Faith at the boundaries
Paul Fiddes reports on the latest conversations between the Baptist Union and the Church of England
“With most ecumenical reports you have to guess at the conversations that lay behind them. This one is different. Here you actually get the conversations, the cut and thrust of debate.” This is the way that the book about the new series of conversations between the Baptist Union and the Church of England was introduced at a special launch-meeting held during the recent General Synod of the Church of England in York.
The book is called Sharing the Faith at the Boundaries of Unity, and it claims to be as unusual on the ecumenical scene as the report of the first series of conversations, called Pushing at the Boundaries of Unity (launched 2005).
While there has been no intention of working towards any formal union between the two confessions, those participating have believed they have come to a common vision that needs to be shared and tested out among their churches. They have felt that they are indeed ‘pushing at the boundaries’ of what seems possible in their relations, that they are breaking fresh ground; they believe that careful and prayerful attention to the reports can take Baptists and Anglicans a long way on the path of shared discipleship, worship and mission.
In the first series there were no formal recommendations such as one usually has in reports, but the participants offered probing questions of each other’s churches about baptism, pastoral oversight, and what it means to be ‘apostolic’. They wanted readers to face up to the questions they were posing together.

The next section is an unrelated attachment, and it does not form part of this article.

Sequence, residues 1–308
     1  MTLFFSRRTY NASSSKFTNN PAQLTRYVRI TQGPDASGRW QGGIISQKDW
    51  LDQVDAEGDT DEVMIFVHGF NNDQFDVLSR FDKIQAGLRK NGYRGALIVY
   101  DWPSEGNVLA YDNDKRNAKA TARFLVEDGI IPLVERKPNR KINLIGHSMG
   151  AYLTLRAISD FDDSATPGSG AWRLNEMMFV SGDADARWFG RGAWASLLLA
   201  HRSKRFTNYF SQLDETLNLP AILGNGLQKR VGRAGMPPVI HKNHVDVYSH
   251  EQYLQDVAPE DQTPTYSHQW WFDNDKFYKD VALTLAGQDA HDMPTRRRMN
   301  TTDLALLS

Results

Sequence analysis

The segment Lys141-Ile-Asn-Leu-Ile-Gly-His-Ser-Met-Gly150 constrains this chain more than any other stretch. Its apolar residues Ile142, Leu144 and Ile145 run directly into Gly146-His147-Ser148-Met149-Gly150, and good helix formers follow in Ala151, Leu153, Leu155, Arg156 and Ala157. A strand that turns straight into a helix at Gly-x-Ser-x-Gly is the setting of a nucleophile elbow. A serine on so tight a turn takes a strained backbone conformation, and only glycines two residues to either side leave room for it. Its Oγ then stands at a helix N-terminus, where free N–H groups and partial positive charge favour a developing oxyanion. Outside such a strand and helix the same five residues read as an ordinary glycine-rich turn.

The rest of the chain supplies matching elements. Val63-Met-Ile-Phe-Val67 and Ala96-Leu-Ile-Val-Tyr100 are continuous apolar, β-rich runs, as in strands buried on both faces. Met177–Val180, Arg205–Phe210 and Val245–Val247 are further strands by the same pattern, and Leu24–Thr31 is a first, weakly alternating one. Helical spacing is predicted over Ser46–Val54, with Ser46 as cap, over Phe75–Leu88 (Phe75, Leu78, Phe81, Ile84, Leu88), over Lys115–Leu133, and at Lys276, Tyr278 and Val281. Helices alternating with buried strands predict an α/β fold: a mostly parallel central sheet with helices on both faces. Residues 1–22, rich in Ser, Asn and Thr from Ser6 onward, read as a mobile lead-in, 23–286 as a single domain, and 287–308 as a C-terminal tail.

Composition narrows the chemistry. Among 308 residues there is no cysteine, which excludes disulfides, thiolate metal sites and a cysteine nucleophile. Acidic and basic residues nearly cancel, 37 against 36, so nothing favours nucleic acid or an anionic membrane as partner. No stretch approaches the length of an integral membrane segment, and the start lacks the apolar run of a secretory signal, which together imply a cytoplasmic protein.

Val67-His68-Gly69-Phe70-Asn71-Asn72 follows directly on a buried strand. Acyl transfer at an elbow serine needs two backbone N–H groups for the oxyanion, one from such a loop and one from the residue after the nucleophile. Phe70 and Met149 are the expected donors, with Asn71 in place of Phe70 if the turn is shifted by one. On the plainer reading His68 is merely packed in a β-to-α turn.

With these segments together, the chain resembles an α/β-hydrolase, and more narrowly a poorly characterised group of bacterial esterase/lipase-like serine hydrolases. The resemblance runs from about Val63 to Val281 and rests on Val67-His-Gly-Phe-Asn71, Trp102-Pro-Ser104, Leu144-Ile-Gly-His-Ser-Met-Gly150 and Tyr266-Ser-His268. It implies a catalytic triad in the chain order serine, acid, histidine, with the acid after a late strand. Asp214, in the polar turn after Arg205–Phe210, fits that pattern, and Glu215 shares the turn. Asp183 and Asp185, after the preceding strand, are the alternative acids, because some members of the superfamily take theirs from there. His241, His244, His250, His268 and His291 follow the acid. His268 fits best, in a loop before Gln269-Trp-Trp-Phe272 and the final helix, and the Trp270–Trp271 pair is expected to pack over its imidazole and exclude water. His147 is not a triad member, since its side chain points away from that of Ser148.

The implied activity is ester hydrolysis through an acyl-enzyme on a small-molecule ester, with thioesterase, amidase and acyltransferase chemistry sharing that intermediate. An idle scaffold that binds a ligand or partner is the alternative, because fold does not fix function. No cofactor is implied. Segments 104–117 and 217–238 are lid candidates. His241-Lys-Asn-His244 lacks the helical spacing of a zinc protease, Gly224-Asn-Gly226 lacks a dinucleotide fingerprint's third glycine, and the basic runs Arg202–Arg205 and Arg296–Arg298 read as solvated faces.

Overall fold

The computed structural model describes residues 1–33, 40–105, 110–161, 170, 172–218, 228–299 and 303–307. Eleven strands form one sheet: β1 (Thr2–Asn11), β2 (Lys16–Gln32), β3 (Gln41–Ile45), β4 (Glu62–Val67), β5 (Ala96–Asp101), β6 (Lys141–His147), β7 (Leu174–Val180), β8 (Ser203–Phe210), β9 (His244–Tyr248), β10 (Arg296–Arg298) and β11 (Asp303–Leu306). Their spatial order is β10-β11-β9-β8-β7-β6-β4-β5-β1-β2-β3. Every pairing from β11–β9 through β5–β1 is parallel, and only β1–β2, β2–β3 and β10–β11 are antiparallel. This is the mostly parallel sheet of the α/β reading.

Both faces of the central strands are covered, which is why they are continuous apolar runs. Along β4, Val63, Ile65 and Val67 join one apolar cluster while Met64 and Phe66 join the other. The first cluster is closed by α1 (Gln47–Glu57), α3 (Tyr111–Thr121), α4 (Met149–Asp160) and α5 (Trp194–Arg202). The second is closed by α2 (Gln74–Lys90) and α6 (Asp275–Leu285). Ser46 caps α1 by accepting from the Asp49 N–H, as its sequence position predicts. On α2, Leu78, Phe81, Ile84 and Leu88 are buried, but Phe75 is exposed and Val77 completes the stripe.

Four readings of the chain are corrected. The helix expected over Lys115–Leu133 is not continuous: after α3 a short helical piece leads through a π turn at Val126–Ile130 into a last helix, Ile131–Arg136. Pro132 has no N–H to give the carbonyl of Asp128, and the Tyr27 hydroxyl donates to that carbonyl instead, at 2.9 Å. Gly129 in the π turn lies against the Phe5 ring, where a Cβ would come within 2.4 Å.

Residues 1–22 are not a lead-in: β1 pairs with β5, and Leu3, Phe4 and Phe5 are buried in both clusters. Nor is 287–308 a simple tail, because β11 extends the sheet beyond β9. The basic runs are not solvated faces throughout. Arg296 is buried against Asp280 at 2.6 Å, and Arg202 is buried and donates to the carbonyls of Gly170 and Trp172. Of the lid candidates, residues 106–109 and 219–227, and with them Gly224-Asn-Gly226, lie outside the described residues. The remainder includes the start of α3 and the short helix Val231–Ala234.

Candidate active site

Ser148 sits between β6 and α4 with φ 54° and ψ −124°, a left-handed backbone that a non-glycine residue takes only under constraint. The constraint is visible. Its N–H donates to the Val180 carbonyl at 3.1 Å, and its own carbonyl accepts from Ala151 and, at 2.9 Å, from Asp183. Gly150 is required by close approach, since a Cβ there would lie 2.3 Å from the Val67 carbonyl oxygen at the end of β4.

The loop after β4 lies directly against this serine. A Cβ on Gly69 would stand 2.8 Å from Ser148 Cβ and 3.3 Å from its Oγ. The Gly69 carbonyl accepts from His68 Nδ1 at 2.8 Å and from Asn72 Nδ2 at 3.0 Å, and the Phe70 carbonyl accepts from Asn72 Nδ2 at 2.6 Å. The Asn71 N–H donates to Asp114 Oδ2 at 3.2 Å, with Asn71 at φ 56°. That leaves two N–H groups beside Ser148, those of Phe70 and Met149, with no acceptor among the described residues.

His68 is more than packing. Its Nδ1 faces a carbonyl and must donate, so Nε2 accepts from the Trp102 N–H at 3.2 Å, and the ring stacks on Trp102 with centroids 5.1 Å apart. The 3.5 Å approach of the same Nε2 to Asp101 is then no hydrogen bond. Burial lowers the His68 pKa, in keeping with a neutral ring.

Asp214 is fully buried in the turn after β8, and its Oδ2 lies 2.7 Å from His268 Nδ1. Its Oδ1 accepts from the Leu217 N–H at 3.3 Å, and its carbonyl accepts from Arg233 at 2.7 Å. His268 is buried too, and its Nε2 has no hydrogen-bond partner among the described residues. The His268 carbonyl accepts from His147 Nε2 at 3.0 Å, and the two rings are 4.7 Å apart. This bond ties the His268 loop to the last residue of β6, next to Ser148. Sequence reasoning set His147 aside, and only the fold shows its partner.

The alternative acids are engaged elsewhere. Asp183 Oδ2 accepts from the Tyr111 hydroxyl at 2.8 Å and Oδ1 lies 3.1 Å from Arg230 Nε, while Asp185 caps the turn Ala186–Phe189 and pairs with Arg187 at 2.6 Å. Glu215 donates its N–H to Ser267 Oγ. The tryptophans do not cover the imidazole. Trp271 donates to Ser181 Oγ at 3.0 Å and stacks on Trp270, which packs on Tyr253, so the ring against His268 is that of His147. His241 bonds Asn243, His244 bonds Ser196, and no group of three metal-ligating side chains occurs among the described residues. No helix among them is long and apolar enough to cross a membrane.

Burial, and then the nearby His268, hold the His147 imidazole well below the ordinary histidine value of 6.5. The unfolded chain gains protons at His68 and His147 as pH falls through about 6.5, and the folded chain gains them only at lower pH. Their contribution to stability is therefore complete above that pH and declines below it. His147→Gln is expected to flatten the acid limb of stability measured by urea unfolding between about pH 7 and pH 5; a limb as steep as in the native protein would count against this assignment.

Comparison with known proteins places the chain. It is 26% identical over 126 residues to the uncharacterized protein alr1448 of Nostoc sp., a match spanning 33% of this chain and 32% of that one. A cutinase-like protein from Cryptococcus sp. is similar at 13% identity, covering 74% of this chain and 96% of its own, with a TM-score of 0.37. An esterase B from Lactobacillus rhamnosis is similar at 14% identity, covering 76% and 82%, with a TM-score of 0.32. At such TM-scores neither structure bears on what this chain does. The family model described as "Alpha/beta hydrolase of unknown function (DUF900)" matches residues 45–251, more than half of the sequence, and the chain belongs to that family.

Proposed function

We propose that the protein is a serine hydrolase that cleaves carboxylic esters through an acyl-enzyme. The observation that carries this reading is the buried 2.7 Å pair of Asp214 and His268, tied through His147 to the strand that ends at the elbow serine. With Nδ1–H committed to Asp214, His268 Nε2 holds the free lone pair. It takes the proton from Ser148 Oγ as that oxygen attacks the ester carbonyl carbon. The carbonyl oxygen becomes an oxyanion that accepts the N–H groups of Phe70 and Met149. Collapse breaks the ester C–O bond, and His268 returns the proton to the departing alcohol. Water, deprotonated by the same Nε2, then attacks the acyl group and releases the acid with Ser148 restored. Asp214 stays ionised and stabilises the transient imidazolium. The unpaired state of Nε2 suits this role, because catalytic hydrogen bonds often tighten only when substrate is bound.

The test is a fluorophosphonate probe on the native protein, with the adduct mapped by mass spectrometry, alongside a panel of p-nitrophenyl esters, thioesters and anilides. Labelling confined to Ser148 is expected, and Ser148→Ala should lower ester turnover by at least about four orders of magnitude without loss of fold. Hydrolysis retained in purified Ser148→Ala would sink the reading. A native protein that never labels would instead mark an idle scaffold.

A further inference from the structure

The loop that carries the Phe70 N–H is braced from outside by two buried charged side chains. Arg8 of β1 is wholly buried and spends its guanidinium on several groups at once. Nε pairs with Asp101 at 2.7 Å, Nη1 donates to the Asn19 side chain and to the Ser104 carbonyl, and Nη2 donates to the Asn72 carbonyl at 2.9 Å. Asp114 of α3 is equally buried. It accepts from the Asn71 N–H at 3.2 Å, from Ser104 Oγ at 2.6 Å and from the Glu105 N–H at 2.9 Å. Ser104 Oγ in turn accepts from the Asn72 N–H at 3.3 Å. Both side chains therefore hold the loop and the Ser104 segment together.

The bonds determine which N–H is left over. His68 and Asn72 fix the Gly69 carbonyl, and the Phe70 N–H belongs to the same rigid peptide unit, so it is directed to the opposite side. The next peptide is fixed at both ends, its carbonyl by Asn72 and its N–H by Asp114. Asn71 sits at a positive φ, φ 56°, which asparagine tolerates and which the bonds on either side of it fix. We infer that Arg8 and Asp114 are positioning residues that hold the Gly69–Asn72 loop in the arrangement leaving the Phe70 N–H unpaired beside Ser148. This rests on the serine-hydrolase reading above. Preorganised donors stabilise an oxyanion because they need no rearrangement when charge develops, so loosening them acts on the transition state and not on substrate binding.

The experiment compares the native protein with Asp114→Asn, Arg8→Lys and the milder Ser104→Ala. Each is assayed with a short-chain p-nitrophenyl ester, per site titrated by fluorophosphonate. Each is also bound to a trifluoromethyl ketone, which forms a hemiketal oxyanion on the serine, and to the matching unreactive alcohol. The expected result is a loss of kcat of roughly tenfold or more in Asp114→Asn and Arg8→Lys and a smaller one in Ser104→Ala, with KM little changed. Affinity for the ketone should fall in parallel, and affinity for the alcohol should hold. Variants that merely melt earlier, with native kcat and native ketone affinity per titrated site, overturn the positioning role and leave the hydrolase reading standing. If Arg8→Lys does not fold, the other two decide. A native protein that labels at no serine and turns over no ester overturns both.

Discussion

Were they willing, the questions asked, to trust each other in these areas? Were Anglicans and Baptists willing, for example, to recognise not a common baptism, but a common process of initiation, a whole journey of beginning in Christ in which baptism was an essential part but not the whole. Were they able to see each other sharing in such a journey?
This first report is still available, and can be downloaded for free from the Baptists Together website, together with a popular study guide for use in church groups.
Now in a second series of conversations the motif of ‘boundaries’ continues. This time it’s about the way we share and declare the faith at the boundaries of unity. Just as the first report broke the mould in its questioning approach, this one breaks it again presenting conversations. Named people offer their contribution, invite a response, respond to it in turn, and then allow the conversation of the whole group to shape and influence what they had first said. Readers are are invited to add their voice to the ongoing conversation. They can do this, for example, by using the popular study guide available for small church groups.